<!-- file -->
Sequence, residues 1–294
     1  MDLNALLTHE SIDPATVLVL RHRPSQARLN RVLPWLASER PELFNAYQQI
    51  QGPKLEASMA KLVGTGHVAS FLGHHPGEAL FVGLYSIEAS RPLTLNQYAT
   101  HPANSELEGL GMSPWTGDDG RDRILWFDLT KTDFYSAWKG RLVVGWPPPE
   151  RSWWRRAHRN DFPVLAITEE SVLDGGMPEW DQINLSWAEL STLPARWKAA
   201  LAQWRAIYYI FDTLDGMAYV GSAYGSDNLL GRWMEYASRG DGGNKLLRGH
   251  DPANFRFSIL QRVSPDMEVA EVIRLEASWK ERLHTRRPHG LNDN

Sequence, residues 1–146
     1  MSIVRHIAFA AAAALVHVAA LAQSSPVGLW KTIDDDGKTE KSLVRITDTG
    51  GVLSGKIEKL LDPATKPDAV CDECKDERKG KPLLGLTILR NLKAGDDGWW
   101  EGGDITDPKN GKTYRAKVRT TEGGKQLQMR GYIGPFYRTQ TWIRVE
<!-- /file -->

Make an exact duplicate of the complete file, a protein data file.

Sequence, residues 1–294
     1  MDLNALLTHE SIDPATVLVL RHRPSQARLN RVLPWLASER PELFNAYQQI
    51  QGPKLEASMA KLVGTGHVAS FLGHHPGEAL FVGLYSIEAS RPLTLNQYAT
   101  HPANSELEGL GMSPWTGDDG RDRILWFDLT KTDFYSAWKG RLVVGWPPPE
   151  RSWWRRAHRN DFPVLAITEE SVLDGGMPEW DQINLSWAEL STLPARWKAA
   201  LAQWRAIYYI FDTLDGMAYV GSAYGSDNLL GRWMEYASRG DGGNKLLRGH
   251  DPANFRFSIL QRVSPDMEVA EVIRLEASWK ERLHTRRPHG LNDN

Sequence, residues 1–146
     1  MSIVRHIAFA AAAALVHVAA LAQSSPVGLW KTIDDDGKTE KSLVRITDTG
    51  GVLSGKIEKL LDPATKPDAV CDECKDERKG KPLLGLTILR NLKAGDDGWW
   101  EGGDITDPKN GKTYRAKVRT TEGGKQLQMR GYIGPFYRTQ TWIRVE